The German war ministry was located at Bendlerblock in Berlin and it was there that resistance against Hitler took shape. A resistance that has emerged within the older and aristocratic officer corps and which, in line with the military adversities, wanted to bring about a change in the war. The German officer corps with Prussian ancestry had always considered themselves above (or at least outside) politics and not let themselves be controlled by politicians. But Hitler had nevertheless succeeded in reconciling both his and the military’s ambitions, a relationship that worked well as long as Germany reaped military success. This was changed in connection with the German defeat outside Moscow in December 1941. Subsequently, the cooperation between Hitler and the officer corps was strained.

The conspiracy thoughts that have existed since the late thirties of some high officers were brought back to life. But the removal of Hitler was easier said than done and fraught with a direct danger to life. Inducing Hitler to step aside voluntarily was not an option, the only way was to murder him, but there were few if any who could and dared to carry out an assassination attempt. Leading officers opposed to Hitler were among others, Ludwig Beck, Hans Oster, Erwin von Witzleben, Carl Friedrich Gördeler and Henning von Tresckow. Very cautiously, they tried to recruit members but the combination of loyalty to the oath of allegiance (to Hitler), a sense of duty and many times a direct fear of acting meant that many did not allow themselves to join the conspiracy.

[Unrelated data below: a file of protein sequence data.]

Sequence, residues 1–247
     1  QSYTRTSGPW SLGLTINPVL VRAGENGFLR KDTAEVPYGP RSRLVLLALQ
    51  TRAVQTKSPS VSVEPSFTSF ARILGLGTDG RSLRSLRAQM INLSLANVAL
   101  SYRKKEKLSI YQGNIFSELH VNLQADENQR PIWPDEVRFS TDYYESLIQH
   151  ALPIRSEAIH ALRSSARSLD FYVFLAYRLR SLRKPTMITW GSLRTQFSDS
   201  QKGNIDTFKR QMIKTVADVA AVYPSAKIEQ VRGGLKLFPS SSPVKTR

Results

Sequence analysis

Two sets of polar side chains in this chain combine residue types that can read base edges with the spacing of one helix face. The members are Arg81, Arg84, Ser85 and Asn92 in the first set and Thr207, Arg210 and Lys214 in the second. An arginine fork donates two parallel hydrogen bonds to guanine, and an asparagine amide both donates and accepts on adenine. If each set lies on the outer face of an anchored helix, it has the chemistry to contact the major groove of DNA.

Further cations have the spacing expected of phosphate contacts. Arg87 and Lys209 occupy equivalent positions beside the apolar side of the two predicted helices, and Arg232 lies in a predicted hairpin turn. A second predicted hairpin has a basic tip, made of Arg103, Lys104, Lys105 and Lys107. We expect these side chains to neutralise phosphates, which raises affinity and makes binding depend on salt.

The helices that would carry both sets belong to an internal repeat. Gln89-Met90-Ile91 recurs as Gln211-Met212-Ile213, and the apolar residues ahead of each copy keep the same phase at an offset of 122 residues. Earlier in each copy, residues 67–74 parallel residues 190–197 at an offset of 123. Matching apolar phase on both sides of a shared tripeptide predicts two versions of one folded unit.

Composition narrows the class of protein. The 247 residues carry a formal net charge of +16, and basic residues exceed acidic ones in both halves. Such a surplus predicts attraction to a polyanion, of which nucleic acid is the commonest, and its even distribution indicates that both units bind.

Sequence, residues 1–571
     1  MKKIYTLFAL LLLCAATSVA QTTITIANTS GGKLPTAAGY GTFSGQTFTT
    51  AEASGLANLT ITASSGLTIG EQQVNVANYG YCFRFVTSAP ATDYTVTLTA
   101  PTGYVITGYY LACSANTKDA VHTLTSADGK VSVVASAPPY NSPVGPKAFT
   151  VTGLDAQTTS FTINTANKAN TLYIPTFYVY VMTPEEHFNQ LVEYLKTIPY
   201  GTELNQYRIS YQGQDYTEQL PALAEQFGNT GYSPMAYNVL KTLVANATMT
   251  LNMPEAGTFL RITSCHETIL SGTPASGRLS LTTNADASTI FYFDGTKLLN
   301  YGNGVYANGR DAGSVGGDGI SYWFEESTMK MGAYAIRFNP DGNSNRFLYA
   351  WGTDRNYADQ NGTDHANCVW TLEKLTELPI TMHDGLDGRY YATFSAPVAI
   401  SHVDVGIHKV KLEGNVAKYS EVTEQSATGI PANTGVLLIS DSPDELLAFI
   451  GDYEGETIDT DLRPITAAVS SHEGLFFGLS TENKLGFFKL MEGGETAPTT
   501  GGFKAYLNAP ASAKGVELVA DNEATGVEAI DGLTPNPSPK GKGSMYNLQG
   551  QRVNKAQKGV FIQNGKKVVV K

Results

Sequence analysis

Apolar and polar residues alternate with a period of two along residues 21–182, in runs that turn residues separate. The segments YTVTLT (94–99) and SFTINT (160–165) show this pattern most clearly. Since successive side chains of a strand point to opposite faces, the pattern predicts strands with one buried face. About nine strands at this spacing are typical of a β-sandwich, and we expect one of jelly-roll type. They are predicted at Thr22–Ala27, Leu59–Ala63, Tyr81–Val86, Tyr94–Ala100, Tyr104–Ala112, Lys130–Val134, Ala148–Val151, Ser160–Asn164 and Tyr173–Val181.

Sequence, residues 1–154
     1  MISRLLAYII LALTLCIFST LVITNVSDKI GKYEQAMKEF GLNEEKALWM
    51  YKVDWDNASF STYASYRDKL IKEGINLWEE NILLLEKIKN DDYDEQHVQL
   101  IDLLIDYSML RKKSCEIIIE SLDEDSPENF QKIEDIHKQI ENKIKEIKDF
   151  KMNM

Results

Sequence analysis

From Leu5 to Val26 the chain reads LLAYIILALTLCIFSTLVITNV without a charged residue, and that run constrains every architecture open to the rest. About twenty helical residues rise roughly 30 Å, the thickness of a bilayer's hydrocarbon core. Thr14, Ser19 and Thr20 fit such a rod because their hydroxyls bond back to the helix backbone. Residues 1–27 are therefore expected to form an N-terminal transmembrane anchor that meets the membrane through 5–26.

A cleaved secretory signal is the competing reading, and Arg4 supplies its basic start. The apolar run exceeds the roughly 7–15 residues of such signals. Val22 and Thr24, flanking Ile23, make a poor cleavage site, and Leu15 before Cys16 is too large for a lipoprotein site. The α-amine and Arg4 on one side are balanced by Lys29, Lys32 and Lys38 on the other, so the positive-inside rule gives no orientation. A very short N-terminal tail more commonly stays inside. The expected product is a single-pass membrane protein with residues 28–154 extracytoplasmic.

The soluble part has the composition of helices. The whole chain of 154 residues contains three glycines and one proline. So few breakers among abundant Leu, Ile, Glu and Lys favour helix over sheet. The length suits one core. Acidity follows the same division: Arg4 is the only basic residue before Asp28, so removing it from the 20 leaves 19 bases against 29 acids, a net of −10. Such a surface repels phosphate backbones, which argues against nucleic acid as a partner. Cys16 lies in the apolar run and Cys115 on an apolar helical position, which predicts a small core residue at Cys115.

By 1943, the conspirators had succeeded in recruiting a colonel named Claus von Stauffenberg. Stauffenberg had been injured in North Africa and had subsequently been assigned a post in the reserve army, giving him access to the military conferences at which Hitler was present. Stauffenberg offered to carry out an attack by placing an explosive device at one of the conferences. Secret meetings preceded the assassination attempt and the attempted coup, it was important to find the right time and opportunity. The attempt therefore came at short notice to be postponed a couple of times because the conspirators wanted high Nazi Leaders as Goering and Himmler to be present so they also could be killed